Electronic Literature Panels at SLSA

This year’s conference of the Society for Literature, Science, and the Arts, set for November 10-13 in Chicago, features numerous panels that focus on “etextuality and computation”. Many of the ELO’s board of directors will be presenting. See the conference program for details on the following panels:

+ Thursday, November 10:

“Narrative, Media and Technology”
“Viral and Distributed Narratives”

+ Friday, November 11:

“There is No Media?
“Narrative and Emergent Knowledge”
“Dirty Code”
“The Error Engine: Writing and Creative Evolutionary Systems”

+ Saturday, November 12

“Cybernetics, Autopoiesis, Literature”
“Digital Cognition”
“Text/Image/Structure: Literary Hypertext 2005”

+ Sunday, November 13:

“Rhetoric and Image in Science and Literature”
“Emergence and Convergence in New Media Narratives”

ELO members will receive a discount of US $40 off the regular registration rate of US $120. Download the registration form here, and add a note on the form indicating that you are a member of the ELO.

Digital Writing on Empyre

This month’s conversation on the empyre mailing list will be on the topic “Digital Writing.” The guests will include digital authors and commentators Bill Seaman (an ELO board member), Brigid McLeer, Friedrich Block, Giselle Beiguelman, and Sue Thomas.

Call for Participation: Creative Versioning Project

Matthew Kirschenbaum is looking for poets and fiction writers willing to participate in a project to archive versions of texts in progress. An electronic document repository (known as a Concurrent Versions System, or CVS) will be used to track revisions and changes to original fiction and poetry contributed by participating writers who will work by checking their drafts in and out of the repository system. The goal is to provide access to a work at each and every state of its composition and conceptual evolution ­- thereby capturing the text as a living, dynamic object-in-the-making rather than a finished end-product. A reader will be able to watch the composition process unfold as though s/he were looking over the writer’s shoulder.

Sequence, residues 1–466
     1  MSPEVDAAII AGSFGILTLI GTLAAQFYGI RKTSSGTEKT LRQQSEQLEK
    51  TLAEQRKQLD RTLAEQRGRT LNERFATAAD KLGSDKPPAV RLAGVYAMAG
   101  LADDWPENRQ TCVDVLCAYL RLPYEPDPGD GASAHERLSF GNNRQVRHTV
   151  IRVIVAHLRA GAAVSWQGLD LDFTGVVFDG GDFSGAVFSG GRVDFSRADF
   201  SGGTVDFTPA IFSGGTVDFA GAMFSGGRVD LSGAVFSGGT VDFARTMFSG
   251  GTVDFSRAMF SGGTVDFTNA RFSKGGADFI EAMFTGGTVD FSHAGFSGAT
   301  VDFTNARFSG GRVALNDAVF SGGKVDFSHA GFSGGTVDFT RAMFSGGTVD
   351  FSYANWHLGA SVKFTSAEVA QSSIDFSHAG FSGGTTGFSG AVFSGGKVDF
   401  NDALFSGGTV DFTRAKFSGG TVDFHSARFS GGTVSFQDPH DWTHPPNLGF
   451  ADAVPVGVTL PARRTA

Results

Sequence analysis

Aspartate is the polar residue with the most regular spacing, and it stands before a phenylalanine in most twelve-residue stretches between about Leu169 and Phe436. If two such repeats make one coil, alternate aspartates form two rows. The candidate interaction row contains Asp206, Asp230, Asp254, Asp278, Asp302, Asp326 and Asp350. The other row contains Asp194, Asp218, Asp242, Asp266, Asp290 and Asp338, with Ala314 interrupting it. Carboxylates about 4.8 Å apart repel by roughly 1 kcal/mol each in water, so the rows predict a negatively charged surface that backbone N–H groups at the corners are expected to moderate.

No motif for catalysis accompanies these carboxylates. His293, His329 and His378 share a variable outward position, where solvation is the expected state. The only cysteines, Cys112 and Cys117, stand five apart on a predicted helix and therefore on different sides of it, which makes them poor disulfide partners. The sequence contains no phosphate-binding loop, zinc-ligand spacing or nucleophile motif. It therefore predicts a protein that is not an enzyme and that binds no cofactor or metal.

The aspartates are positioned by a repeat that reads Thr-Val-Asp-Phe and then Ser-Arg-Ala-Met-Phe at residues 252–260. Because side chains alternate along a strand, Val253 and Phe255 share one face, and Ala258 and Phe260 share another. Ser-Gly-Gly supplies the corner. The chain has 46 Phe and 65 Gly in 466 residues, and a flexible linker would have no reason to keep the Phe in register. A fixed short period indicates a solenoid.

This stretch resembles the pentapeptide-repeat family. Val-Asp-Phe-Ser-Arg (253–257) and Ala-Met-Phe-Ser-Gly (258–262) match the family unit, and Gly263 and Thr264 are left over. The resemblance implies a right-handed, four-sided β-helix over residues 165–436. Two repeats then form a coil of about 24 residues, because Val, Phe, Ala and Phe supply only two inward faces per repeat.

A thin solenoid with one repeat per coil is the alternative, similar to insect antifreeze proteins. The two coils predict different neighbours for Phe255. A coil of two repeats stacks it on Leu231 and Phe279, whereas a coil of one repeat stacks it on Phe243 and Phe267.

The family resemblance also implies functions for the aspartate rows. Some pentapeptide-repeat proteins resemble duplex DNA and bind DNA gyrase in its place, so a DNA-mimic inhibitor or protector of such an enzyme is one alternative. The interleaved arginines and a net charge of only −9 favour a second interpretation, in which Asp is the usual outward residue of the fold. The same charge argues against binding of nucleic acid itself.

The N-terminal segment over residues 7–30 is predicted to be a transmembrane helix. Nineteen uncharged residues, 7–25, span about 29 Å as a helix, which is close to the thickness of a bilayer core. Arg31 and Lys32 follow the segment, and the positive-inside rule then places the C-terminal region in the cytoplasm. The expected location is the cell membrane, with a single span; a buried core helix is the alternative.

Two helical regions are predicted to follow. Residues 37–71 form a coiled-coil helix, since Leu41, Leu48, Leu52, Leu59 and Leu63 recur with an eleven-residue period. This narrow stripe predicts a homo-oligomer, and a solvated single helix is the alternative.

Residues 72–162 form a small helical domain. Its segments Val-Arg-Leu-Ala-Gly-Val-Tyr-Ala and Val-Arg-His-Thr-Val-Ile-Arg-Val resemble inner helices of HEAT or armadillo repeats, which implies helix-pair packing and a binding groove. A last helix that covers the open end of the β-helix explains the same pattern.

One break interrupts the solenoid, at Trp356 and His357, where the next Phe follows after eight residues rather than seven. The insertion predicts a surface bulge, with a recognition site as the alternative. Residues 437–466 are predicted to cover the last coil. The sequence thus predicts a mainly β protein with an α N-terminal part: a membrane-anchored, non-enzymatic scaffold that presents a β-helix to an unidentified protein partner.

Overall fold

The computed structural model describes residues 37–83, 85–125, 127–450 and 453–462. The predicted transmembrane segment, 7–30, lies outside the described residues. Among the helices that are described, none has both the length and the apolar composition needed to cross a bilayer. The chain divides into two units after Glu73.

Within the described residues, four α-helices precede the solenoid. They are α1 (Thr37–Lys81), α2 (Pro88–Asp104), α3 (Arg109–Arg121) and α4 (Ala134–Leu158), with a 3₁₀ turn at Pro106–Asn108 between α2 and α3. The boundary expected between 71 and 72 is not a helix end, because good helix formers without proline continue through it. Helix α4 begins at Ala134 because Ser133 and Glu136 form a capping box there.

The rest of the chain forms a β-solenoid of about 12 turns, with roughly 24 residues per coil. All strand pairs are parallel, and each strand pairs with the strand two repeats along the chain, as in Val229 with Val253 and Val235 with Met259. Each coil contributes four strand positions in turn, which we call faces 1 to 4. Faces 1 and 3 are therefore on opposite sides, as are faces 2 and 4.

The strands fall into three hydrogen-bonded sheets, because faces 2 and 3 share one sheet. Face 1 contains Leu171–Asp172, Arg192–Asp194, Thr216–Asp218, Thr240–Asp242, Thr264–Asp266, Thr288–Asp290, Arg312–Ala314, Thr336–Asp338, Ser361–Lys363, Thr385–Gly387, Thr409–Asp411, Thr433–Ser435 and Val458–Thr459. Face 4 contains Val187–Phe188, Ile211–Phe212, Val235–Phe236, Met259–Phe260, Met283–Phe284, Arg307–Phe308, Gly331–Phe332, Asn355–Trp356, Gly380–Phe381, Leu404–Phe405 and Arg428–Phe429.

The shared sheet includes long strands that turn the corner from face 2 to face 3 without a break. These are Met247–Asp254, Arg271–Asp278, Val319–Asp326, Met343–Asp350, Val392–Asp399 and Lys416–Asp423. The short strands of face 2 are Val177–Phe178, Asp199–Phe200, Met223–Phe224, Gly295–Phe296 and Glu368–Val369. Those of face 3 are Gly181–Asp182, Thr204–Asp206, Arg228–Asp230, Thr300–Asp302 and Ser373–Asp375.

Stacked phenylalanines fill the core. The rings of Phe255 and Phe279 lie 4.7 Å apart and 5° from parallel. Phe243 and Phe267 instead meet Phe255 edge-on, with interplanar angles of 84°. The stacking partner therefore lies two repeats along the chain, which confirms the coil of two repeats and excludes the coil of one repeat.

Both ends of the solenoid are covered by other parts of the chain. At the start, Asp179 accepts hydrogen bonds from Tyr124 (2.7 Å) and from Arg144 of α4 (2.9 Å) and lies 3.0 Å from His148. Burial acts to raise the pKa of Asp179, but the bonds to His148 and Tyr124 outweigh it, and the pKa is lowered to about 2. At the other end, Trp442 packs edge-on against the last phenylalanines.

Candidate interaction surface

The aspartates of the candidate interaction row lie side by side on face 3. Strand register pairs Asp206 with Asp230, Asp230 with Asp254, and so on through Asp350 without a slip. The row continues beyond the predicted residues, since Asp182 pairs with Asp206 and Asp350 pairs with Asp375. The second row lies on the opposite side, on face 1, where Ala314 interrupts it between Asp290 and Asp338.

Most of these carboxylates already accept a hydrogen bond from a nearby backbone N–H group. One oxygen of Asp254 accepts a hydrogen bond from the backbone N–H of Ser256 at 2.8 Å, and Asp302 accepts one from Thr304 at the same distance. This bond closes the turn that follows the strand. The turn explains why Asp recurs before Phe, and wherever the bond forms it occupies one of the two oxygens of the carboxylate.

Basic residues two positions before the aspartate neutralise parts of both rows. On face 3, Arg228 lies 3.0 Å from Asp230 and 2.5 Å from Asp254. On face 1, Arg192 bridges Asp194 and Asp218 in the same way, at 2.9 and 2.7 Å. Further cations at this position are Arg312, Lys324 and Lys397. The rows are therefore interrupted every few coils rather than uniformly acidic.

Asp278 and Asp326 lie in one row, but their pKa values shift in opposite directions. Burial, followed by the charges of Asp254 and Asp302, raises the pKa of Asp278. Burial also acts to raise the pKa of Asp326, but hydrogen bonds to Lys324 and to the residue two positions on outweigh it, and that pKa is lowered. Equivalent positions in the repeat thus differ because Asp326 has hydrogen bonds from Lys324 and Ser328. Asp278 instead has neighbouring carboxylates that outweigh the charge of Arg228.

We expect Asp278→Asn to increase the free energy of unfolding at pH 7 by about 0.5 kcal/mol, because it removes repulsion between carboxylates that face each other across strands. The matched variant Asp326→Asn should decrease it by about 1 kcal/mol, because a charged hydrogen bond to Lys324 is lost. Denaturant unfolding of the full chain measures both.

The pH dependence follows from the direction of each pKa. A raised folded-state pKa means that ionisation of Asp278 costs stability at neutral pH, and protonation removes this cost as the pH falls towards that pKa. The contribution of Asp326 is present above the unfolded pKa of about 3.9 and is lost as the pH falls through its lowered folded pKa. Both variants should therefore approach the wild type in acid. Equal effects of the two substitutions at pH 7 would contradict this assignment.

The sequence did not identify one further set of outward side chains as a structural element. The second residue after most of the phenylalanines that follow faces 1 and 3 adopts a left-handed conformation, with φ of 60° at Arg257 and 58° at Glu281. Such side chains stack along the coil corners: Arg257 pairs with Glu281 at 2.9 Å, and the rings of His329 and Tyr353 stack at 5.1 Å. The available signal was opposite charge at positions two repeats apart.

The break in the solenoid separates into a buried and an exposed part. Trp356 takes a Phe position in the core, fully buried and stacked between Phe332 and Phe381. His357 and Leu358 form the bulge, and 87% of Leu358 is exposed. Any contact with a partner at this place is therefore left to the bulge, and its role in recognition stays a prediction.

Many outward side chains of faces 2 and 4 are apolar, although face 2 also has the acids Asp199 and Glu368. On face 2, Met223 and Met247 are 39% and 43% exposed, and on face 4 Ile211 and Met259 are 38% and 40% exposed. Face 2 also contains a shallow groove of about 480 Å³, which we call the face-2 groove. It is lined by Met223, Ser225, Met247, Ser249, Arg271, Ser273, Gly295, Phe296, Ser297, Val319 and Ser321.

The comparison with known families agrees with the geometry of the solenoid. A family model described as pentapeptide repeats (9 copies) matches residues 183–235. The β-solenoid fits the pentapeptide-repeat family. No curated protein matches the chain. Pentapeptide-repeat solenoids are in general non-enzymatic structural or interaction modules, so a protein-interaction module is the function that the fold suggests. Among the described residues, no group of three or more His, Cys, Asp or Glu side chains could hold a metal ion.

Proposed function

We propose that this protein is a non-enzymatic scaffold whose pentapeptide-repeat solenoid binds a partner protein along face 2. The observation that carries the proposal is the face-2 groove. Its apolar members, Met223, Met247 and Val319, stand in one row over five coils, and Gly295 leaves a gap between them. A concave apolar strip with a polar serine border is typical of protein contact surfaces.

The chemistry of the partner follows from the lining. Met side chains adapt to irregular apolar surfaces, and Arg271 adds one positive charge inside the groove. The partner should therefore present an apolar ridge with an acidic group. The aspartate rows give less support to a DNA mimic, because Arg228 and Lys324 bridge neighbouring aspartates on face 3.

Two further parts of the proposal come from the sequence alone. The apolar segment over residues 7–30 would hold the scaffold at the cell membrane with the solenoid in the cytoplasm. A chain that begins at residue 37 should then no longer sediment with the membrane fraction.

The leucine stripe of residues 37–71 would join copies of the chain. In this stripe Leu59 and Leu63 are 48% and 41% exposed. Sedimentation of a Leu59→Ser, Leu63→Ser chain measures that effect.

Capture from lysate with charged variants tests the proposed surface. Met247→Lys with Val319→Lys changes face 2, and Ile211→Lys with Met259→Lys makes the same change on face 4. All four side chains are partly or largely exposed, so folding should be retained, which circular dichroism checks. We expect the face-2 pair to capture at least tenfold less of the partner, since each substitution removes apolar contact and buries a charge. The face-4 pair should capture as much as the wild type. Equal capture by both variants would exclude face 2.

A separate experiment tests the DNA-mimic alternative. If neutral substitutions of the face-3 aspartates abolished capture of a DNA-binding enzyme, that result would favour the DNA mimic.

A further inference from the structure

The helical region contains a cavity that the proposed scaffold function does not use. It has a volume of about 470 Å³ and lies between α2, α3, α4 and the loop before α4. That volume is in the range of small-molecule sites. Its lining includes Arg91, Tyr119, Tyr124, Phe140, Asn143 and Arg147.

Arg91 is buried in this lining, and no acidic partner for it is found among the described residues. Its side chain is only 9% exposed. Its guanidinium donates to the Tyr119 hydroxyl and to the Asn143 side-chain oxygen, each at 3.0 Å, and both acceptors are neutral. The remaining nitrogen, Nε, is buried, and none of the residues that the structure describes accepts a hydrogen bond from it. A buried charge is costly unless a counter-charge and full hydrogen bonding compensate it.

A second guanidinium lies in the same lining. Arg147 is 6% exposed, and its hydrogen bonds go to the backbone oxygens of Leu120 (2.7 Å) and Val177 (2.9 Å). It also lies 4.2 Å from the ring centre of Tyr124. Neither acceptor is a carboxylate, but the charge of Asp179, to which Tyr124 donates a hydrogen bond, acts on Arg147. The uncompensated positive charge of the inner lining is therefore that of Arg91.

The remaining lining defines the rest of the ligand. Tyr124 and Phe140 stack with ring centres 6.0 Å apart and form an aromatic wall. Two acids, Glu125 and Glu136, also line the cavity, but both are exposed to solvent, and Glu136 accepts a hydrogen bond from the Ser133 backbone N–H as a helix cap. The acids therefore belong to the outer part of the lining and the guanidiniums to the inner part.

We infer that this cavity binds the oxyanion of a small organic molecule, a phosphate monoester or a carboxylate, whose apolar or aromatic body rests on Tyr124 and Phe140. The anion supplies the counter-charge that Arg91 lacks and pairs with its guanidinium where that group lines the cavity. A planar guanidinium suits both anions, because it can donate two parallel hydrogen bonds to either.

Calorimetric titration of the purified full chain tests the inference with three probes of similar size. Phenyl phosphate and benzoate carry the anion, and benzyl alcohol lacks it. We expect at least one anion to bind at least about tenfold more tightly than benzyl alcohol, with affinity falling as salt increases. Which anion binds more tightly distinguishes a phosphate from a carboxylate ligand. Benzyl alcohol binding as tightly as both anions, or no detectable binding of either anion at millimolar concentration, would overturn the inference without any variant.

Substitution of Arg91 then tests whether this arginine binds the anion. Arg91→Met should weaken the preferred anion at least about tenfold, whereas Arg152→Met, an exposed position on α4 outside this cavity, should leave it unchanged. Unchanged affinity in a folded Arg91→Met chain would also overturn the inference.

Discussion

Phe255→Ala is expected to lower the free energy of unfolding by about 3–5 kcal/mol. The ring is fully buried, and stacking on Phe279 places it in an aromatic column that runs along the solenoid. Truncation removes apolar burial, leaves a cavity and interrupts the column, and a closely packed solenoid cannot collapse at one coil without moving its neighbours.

Participating writers must agree to:

* Work with your text exclusively within the confines of the CVS, checking it in and out each and every time you wish to edit or compose.

* Give their consent to make all archived versions of the work publicly accessible.

The result will be a Web-accessible archive, with the full text of each and every version of a writer’s text available for reading and relations between the versions expressed by means of maps and visualizations.

To participate, please contact Kirschenbaum at mgk =at= umd =dot= edu . Please indicate your willingness to abide by the above constraints.

Matthew Kirschenbaum
Assistant Professor of English
Acting Associate Director,
Maryland Institute for Technology in the Humanities (MITH)
301-405-8927 or 301-314-7111 (fax)



[Note: At this point Kirschenbaum is recruiting interested writers. He is not sure when the project will actually get off the ground – hopefully this winter.]


Clues“Clues” is an adaptive hypertext that presents poems and asks the reader to uncover clues, figuring out what to investigate and who to trust. This metaphysical whodunit, couched in the language of the mystery novel and questioning the concepts of detection and communication, was developed in the Connection Muse. See the Directory entry for more information about this piece.